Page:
Caleb Choban

About Me

I’m Caleb Choban, an inaugural Sullivan Prize Fellow in Astronomy at IU Bloomington. I received my Ph.D. in Physics at UC San Diego working in collaboration with Prof. Dušan Kereš. My research focuses on interstellar dust grains, numerous small particles (<1 μm) that reside within the interstellar medium (ISM). I am interested in the dust life cycle, how dust evolves within galaxies, and how dust affects and interacts with the ISM. In particular, I utilize simulations of individual galaxies, called cosmological zoom-in simulations, and am part of the Feedback in Realistic Environments (FIRE) project. With these simulations, I test our understanding of interstellar dust by modeling dust evolution from its initial creation in the first supernovae and across cosmic time. I also create simulated observations of dust extinction curves, dust emission spectra, and gas-phase element depletions in various gas and galactic environments to help interpret and guide observations. Beyond dust, I am also interested in how we model ISM physics, chemical networks, and radiative transfer.

Beyond research, I am interested in community outreach and graduate student advocacy. I have taught extracurricular labs for local public schools, led Python coding and research workshops for transfer and local community college students, and organized astronomy and physics demonstrations at numerous public science events. As a graduate researcher, I also served as a class representative on the Physics Graduate Council (PGC) interfacing with department committees and chair to advocate for the graduate population. During my tenure, I pushed for an increase in graduate stipends to reduce rent burden and helped estalish a flexible teaching workload for first-year students to improve work-life balance. I also founded a physics mentorship program pairing undergraduate mentees with graduate mentors to provide students guidance on various challenges ranging from graduate school applications to course selection.

In my spare time I enjoy camping and hiking in national/state parks, cycling and walking around the beautiful California coastline and Indiana forests, and playing a good board game.

Expo Day 2020

FIRE logo


Interstellar Dust

Although it constitutes only 1% of the ISM by mass, dust is integral to the physics within. It provides a surface for astrochemistry such as H2 formation, facilitating the formation of molecular clouds and, indirectly, the stars that form within them. Dust grains are also a critical mediator for feedback around star-forming regions, translating radiation pressure onto nearby gas. This pressure halts the infall of nearby gas, regulating local star formation, and drives galactic winds, shaping galaxy evolution. Dust is also a critical heating and cooling source in various phases of the ISM, cooling hot plasmas and extremely dense gas by radiating IR light and heating neutral gas via photoelectric heating. Observationally, dust absorbs ultraviolet/optical light and emits in the infrared affecting all astronomical observations to varying degree (check out the image below to see what a Milky Way-like galaxy looks like with and without dust).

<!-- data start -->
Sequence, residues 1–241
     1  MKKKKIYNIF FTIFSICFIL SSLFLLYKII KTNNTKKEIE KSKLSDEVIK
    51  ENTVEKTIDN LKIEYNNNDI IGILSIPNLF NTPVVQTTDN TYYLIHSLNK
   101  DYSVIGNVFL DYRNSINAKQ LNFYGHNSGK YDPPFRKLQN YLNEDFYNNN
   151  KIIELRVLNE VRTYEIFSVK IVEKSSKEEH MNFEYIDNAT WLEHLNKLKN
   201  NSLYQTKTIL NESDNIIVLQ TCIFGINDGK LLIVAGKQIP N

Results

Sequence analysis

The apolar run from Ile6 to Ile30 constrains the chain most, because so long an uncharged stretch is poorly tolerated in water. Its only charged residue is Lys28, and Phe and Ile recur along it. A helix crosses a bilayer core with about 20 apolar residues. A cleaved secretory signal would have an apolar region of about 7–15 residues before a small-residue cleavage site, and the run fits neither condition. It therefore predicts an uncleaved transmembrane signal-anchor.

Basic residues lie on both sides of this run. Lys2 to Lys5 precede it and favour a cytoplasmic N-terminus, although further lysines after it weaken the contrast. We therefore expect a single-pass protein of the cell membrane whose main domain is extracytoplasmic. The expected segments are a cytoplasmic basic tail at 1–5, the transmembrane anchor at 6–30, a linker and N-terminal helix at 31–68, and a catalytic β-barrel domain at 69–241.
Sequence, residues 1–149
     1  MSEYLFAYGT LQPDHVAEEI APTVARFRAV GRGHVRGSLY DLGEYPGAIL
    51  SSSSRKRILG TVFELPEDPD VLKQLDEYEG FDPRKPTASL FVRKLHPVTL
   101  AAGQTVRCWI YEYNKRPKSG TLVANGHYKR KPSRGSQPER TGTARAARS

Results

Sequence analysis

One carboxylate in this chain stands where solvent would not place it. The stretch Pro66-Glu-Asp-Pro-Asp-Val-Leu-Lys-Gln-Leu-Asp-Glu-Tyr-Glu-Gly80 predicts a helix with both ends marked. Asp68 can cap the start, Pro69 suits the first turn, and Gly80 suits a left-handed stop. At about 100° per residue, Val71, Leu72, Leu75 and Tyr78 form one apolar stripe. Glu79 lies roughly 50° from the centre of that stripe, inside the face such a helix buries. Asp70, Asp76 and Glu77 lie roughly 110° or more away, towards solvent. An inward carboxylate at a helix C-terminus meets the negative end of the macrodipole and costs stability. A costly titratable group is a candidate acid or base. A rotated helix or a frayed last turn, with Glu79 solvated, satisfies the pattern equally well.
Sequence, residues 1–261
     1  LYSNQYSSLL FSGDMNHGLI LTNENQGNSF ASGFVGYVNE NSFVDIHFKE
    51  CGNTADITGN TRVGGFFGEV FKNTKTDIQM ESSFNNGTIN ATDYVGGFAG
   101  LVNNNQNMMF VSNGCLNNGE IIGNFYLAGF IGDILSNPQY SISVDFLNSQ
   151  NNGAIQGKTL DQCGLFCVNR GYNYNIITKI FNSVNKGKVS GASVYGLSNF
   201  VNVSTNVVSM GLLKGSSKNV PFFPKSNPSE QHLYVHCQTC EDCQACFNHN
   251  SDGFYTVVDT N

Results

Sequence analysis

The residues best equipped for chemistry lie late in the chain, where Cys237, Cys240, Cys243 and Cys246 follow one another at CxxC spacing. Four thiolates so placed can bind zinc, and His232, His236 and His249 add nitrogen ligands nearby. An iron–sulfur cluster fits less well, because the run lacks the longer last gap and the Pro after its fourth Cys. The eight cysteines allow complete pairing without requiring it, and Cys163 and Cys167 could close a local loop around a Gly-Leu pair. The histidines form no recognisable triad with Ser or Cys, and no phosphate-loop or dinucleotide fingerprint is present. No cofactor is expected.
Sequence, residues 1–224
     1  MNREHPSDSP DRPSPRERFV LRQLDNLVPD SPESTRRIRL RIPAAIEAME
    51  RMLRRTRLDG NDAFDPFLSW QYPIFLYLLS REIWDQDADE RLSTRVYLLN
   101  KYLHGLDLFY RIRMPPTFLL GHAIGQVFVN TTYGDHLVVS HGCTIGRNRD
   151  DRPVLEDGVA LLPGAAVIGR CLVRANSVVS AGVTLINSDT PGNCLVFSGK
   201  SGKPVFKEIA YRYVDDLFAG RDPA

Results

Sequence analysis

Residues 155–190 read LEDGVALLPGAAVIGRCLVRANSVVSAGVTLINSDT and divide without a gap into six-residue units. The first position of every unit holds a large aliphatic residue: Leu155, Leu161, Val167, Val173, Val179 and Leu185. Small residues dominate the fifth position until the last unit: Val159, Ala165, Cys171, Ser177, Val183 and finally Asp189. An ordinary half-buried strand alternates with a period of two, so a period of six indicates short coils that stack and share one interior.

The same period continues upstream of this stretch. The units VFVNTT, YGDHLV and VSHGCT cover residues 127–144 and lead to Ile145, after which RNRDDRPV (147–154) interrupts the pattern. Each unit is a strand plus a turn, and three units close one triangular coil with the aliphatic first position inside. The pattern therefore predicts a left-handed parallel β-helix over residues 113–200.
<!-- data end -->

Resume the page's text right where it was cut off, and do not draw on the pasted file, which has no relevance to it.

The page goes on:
For a cool animated video explaining dust check out the video below featuring Prof. Karin Sandstrom, one of my collaborators.

Interstellar dust so has a complicated life cycle composed of processes during which they can be created, destroyed, grown, or eroded.

  • Dust Creation: The initial seeds of the dust population are created in the stellar ejecta of supernovae and the winds of asymptotic giant branch (AGB) stars where a portion of ejected metals condense into dust.
  • Gas-Dust Accretion: In cool, dense phases of the ISM, gas-phase metals accrete onto the surface of preexisting dust grains growing the grains over time. This is believed to be the main producer of dust mass but not much is known about this physical process/.
  • SNe Shocks: As supernovae remnants propagate through the ISM they destroy and shatter dust grains residing in the ISM via grain-grain collisions, thermal sputtering, and non-thermal sputtering.
  • Astration: As gas cools and collapses forming stars, dust residing in said gas is also destroyed and contributes to the stellar composition.
  • Thermal Sputtering: Dust grains residing in hot gas, such as in the galactic halo, are eroded and destroyed by energetic atoms.

Modeling Dust Evolution in Cosmological Zoom-In Simulations

Observations find diverse dust scaling relations which suggest a complex dust system depending heavily on local gas properties, but many galaxy formation models do not capture this, treating dust in post-processing or assume a constant dust-to-metals ratio (D/Z=0.4). Recent strides have been made developing dust evolution models for galaxy formation simulations but these approaches vary in their assumptions and degree of complexity. Based on these approaches I developed two separate dust evolution models (labelled ‘Elemental’ and ‘Species’) which include the main mechanisms comprising the dust life cycle and incorporated them into the magneto-hydrodynamics GIZMO code coupled to the FIRE-2 model for stellar feedback and ISM physics. The “Elemental” model tracks the evolution of generalized dust species and utilizes a simple, ‘tunable’ dust growth routine, while the “Species” model tracks the evolution of specific dust species with set chemical compositions and incorporates a physically motivated, two-phase dust growth routine. Utilizing idealized Milky Way-like galaxy simulations, I demonstrated that while both models can produce reasonable galaxy-integrated results, the dust by ‘Species’ approach reproduces the diverse dust scaling relations observed in the MW.


A full list of my publications can be found on ADS here.


Department of Astronomy
Indiana University
727 East 3rd Street
Swain West 318
Bloomington, IN 47405

cchoban [at] iu [dot] edu